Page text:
"Goto" statement in Python

Rob Gaddi rgaddi at highlandtechnology.invalid
Thu Apr 13 13:35:53 EDT 2017

On 04/13/2017 08:26 AM, Marko Rauhamaa wrote:
> Chris Angelico <rosuav at gmail.com>:
>> Personally, I can't remember the last time I yearned for "goto" in
>> Python, and the only times I've ever wished for it or used it in other
>> languages have been multi-loop breaks or "for...else" blocks. And
>> neither is very frequent.
> I have occasionally felt the urge to try "goto" in my C code, but having
> written it, I have taken it out. It just doesn't make the code look more
> elegant or robust. Unlike "break" or "return," "goto" makes me uneasy
> about variable scope and lifetime.
> Maybe it would work in some state machine implementation. Some 30 years
> ago I wrote a compiler. The parser came out nicer with methodical use of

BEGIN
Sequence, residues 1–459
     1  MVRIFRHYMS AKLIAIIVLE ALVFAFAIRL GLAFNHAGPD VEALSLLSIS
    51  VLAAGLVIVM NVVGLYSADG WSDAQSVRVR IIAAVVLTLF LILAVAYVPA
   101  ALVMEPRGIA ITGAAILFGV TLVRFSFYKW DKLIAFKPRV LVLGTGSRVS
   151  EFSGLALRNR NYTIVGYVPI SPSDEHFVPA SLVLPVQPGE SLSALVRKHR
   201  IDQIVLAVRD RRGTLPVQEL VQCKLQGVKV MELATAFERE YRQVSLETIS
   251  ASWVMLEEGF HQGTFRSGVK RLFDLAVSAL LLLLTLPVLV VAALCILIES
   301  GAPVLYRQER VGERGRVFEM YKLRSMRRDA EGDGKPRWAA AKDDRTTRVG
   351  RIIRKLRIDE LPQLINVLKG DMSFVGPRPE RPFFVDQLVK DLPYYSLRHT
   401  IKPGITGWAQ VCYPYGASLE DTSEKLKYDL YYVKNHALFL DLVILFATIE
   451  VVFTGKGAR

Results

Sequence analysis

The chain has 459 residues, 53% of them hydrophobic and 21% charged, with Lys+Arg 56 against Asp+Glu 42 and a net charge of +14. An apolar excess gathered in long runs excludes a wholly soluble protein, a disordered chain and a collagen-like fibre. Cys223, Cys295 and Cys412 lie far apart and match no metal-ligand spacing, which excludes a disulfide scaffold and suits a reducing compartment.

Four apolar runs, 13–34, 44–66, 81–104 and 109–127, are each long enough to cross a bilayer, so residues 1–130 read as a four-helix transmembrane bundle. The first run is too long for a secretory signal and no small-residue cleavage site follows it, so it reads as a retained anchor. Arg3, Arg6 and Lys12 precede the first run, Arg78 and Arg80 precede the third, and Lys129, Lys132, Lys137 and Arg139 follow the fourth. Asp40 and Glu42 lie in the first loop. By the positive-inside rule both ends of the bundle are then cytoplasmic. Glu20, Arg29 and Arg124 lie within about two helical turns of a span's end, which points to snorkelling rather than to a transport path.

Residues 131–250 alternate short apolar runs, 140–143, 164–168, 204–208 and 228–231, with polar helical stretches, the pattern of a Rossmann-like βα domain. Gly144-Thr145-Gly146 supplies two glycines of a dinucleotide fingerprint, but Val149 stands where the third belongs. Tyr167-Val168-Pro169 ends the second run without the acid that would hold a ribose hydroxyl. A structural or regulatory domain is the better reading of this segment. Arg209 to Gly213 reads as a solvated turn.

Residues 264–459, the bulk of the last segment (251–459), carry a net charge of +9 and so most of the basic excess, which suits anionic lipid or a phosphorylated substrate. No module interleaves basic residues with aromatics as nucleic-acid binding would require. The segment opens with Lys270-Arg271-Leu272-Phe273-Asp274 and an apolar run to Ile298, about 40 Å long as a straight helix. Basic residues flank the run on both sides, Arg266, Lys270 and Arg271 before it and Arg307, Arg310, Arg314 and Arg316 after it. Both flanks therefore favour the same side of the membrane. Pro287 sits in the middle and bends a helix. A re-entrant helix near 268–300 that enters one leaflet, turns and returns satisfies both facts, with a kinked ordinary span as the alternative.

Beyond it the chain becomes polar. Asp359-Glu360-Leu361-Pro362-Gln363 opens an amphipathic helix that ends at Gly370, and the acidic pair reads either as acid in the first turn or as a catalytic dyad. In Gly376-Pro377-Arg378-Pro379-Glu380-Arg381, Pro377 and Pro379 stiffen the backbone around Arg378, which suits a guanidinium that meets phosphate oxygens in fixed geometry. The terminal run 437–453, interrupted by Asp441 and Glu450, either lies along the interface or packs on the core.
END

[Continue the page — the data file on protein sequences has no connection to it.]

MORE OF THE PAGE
> "goto," but even then, I used a parsing-specific macro to wrap it.
> Marko

You see it all the time in kernel code or when doing I/O.  A pretty 
common pattern is:

   int return_val = 1;
   if (init_thing(x)) goto bk1;
   if (init_thing(y)) goto bk2;
   if (init_thing(z)) goto bk3;

   do_things_with(x, y, z);
   return_val = 0;

   bk3:  cleanup_thing(z);
   bk2:  cleanup_thing(y);
   bk1:  cleanup_thing(x);
   return return_val;

But the point is, in Python we have context managers and exceptions and 
classes, all of which serve to allow you to not have to explicitly lay 
out how to wind yourself step-by-step back out of the situation you've 
gotten yourself into.

Rob Gaddi, Highland Technology -- www.highlandtechnology.com
Email address domain is currently out of order.  See above to fix.

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